In the late 1980s the government of Bhutan passed a series of restrictive laws that led to the expulsion of roughly one sixth of the nation’s population (mostly, Nepali-speaking minorities). Close to 100,000 Bhutanese refugees fled to eastern Nepal, where many have remained in refugee camps for the past two decades. In 2007, several nations began to resettle Bhutanese refugees and today more than half of the population lives in developed countries. The transition from the bounded life of the camps to economic independence in a new culture has proved psychosocially complex. Over the past four years, a rising rate of suicide among Bhutanese refugees in the US – as well as those remaining in the camps – has caused international alarm.
One community of approximately 600 Bhutanese refugees living in Burlington, Vermont, in the US may serve as a case-study of resilience in the post-resettlement context. Members of this community supplement professional services with community groups that promote psychosocial wellbeing. Initial exploration revealed low utilisation of professional Western mental health services by Bhutanese refugees due to linguistic, economic and cultural barriers. Significantly, there is often stigma associated with accessing professional mental health-care in this population to the extent that the sufferer and his or her family fear social exclusion.
Fortunately, several community initiatives help to fill the mental health-care gap. Although seldom explicitly linked with a ‘psychosocial’ agenda, many community groups such as the women’s knitting circle ‘Chautari’, the New Farms for New Americans community farming project or the Vermont Bhutanese Association incorporate popular knowledge and beliefs related to resilience.
Among Bhutanese refugees, it is widely believed that remaining engaged, both physically and mentally, is critical to preventing states of mental distress, as is sharing feelings of distress through conversation. Most interviewees only felt comfortable sharing their ‘burden’ with one or two trusted friends or relatives; in light of the separation caused by resettlement, forums for meeting new friends are more vital than ever to promoting emotional expression and social support. In addition, preservation of cultural identity is closely related to wellness, especially among elderly refugees. Taking part in familiar activities such as knitting and farming promotes feelings of self-worth and identity by drawing on existing skill sets from Bhutan or Nepal. Finally, individual wellbeing is contingent upon a strong sense of community and one’s standing within it; this value, inherent to the interdependent agricultural lifestyles of Bhutanese villages, has been reaffirmed through years of communal living in the refugee camps. Such community groups ease the shock of relocating to a more individualistic society by upholding this sense of security and cohesion.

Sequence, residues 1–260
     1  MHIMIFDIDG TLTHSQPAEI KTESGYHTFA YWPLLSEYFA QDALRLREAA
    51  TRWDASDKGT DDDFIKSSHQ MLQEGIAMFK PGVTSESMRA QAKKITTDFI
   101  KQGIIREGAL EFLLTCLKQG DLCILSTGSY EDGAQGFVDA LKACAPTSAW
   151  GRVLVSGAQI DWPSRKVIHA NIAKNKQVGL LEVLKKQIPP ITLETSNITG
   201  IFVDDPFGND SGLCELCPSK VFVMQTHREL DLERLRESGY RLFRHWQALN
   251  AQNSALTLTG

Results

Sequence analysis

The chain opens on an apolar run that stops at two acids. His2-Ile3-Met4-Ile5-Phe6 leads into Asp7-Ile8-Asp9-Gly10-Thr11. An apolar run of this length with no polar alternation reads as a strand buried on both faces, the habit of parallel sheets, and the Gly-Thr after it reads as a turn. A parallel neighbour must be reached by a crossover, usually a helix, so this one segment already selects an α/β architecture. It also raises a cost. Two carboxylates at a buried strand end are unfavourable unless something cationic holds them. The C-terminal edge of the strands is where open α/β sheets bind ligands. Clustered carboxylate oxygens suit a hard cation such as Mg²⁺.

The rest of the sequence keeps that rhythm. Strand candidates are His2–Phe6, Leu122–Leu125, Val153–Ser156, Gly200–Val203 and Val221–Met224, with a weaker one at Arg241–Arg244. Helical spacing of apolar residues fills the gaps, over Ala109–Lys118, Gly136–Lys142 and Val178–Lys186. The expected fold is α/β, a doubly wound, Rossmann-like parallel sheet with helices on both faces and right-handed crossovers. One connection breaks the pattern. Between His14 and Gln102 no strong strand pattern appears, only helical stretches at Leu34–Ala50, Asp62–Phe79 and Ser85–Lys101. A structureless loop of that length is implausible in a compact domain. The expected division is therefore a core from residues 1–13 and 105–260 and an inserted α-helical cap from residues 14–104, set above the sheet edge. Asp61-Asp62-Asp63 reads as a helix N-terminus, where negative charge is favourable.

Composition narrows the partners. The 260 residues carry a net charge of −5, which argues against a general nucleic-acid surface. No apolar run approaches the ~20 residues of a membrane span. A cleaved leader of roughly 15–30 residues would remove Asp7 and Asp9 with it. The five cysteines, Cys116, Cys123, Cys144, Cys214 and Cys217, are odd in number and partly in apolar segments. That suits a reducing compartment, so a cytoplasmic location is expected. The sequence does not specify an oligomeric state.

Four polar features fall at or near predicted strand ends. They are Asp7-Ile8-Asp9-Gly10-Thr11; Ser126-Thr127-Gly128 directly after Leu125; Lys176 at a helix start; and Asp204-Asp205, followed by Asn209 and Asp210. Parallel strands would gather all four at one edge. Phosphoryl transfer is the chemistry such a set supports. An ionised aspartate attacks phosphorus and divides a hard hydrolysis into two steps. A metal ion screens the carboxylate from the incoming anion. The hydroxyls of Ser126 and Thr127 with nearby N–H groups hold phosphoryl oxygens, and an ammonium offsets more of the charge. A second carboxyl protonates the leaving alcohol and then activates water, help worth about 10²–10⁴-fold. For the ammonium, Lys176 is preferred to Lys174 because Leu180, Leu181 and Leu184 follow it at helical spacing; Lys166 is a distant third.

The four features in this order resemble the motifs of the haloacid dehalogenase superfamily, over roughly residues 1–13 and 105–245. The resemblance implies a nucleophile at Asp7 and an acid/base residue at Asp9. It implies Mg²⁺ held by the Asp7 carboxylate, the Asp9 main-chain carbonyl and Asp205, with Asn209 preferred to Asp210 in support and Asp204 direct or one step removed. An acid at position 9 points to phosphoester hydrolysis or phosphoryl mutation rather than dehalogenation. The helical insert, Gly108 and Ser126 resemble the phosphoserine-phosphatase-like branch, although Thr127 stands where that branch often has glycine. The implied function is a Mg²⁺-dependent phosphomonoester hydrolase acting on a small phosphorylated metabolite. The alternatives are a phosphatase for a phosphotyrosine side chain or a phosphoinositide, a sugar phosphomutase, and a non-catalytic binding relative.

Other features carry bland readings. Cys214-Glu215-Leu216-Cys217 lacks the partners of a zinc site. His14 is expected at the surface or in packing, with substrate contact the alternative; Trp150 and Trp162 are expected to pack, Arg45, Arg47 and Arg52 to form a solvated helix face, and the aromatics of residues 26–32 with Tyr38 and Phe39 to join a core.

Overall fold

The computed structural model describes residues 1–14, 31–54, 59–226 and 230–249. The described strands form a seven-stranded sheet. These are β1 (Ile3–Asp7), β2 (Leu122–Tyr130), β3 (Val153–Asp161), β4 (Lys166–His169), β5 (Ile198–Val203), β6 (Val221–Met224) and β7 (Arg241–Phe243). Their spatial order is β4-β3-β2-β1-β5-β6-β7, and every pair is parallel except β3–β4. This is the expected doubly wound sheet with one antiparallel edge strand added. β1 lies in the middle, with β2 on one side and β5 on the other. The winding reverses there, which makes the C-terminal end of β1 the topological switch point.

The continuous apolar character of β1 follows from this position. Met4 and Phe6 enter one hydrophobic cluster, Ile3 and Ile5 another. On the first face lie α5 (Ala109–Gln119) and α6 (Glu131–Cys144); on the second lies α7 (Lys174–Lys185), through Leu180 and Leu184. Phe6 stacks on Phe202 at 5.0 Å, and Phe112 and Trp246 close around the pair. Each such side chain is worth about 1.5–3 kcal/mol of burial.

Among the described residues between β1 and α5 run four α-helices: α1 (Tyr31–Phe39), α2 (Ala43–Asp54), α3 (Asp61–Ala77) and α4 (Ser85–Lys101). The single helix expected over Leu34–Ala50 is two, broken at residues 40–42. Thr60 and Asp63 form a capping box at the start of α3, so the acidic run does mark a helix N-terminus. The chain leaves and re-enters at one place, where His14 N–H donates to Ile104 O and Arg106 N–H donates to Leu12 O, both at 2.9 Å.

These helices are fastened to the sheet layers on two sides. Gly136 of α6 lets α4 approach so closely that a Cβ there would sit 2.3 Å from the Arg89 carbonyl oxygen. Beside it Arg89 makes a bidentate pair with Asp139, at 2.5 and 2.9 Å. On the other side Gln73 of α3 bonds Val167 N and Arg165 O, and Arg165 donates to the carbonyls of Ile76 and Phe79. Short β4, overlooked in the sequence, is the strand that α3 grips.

Notably, the language surrounding these community initiatives reflects Bhutanese refugee concepts of psychological vulnerability without attaching harmful labels associated with stigma and disease. Participants may be described as refugees who “remain idle”, “stay in the home all day”, “think too much” (especially about the past) or experience dukha (sadness), manaasik bhoj (mental burden) or tanab (tension) in the man (heart-mind). By addressing these unhealthy states before they become a more stigmatised disorder of the dimaag (brain-mind), the preventative community-care model embodies culturally appropriate intervention. In addition, this approach dovetails with Bhutanese refugees’ claims to having a ‘culture of helping’, wherein the suffering of individuals is addressed at the level of family or community.
Such community group activities demonstrably support ethno-psychological mechanisms for fostering psychosocial wellness in the post-resettlement context. While the importance of professional mental health services should not be underrated, community initiatives can supplement these services by helping to prevent the development or worsening of mental disorder, thereby contributing to efforts to prevent suicides.
Liana Chase firstname.lastname@example.org is a 2011-2012 US Fulbright Scholar to Nepal and a graduate student in Social and Transcultural Psychiatry at McGill University.